Government has announced the laying of the new regulations for both the domestic and non-domestic Renewable Heat Incentive (RHI) Schemes.

These amendments will introduce improvements that are essential to the smooth-running of both Renewable Heat Incentive (RHI) schemes, said Lord Bourne, Parliamentary Under Secretary of State for Energy & Climate Change.

Updating industry standards

The RHI regulations reference a number of industry standards for renewable heating technologies, specifically those of the Microgeneration Certification Scheme (MCS). The use of MCS standards is a key part of the domestic RHI, providing assurance to consumers that both the installer and the installation meet clear standards of competence. MCS is also used within the non-domestic RHI scheme for systems smaller than 45kW.

The amendment regulations introduce updated installer standards for heat pumps, solid biomass and solar thermal. The amendments to the latter standards are fairly minor, aimed at achieving consistency of language across all MCS standards.

The heat pump installer standard has been updated to bring MCS standards in line with the European Energy-related Products (ErP) Directive. This directive will come into force across Europe for all heat pumps manufactured or imported into Europe on 26 September 2015. Both schemes’ regulations will be updated to reference these new standards.

In addition to the new MCS standards, these regulations will introduce a new methodology for calculating heat pump efficiency. The new Seasonal Coefficient of Performance (SCOP) calculator will be used by Certification Bodies to determine if a heat pump meets the requirements of the ErP Directive and to establish the Seasonal Performance Factor (SPF) required for the RHI scheme. Establishing the SPF using this calculator will be a requirement for the domestic RHI and for any MCS certified ErP compliant heat pump.

Clarification on biomass sustainability reporting requirements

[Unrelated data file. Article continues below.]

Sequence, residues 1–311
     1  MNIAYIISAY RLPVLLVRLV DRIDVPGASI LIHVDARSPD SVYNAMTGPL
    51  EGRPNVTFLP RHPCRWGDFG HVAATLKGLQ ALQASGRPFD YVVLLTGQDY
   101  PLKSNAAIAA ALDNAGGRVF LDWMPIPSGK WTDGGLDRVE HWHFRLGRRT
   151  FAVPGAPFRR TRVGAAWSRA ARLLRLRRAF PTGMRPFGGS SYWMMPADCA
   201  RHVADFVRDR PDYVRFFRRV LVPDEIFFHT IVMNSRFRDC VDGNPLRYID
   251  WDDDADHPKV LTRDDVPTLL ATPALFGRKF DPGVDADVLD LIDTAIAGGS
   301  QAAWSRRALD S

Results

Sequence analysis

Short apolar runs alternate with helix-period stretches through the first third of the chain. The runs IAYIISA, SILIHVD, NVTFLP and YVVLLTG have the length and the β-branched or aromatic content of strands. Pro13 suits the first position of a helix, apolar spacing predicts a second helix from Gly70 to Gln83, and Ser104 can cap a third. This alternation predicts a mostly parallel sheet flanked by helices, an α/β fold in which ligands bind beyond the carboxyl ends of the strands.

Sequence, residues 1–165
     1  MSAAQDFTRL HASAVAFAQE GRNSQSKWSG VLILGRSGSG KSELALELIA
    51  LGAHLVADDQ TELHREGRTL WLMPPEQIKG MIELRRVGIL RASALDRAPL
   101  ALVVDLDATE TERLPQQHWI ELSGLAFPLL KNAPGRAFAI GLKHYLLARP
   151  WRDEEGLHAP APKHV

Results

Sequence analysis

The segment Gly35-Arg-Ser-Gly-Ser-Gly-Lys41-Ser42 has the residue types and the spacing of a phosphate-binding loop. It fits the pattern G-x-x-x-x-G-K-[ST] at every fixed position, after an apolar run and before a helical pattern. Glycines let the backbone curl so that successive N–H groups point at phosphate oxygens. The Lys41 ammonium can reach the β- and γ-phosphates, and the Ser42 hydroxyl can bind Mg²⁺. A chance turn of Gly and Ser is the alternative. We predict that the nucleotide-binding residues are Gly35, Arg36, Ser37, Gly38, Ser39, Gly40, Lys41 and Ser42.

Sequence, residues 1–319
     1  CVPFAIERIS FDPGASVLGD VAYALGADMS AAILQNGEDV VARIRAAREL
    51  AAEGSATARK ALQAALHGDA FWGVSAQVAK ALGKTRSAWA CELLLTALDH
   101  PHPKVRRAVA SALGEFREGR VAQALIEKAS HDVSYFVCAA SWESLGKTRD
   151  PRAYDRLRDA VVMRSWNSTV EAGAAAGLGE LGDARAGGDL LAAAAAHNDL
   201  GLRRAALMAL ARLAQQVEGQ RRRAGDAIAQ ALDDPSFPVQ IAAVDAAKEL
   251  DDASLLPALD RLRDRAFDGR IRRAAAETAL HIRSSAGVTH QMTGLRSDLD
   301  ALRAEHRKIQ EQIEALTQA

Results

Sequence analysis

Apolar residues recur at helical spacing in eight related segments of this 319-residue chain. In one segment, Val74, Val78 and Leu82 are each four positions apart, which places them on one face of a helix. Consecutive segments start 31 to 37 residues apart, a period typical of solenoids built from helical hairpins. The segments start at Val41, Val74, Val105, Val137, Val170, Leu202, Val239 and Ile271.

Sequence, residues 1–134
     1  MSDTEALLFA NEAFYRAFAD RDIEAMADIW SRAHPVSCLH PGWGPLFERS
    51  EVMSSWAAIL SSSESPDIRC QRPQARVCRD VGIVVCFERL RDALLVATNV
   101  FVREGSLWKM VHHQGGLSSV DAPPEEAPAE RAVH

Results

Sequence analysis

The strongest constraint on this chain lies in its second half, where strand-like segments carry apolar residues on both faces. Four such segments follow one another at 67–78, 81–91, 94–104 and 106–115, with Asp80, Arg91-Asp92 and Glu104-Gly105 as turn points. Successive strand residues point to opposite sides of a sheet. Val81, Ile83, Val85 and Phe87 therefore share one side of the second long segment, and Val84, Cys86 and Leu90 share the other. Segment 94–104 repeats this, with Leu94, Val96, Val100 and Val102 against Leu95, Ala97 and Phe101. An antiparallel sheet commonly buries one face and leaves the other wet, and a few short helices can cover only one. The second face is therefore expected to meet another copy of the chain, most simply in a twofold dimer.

The RHI regulations include requirements for the use of sustainable biomass by participants. These ensure the use of biomass incentivised by the scheme is sustainable in terms of greenhouse gas emissions savings and broader land-use impacts. These requirements were introduced through regulations in February 2015 and come into force on 5th October 2015.

The proposed amendments clarify the reporting requirements for non-domestic participants so that Combined Heat and Power (CHP) installations participating in both the Renewables Obligation (RO) and the RHI do not have to demonstrate compliance with the sustainability requirements under the RHI scheme where they are meeting these requirements under the RO. Two small amendments have also been made to correct the definition of sustainable biomethane and the land criteria for non-woody fuels.

Power for the scheme administrator to reject applications

This applies only to the non-domestic scheme as the domestic scheme already contains provisions where applications can be rejected. The amendment will provide Ofgem with an explicit power to reject applications to the non-domestic RHI where the applicant fails to provide further information to support the application within the time period specified in a request by Ofgem. The changes will deliver cost savings by reducing the operational burden of managing these applications. They will also improve financial clarity given that once applications are rejected it is no longer necessary to accrue for possible spend in relation to them.

Picture courtesy of Shutterstock.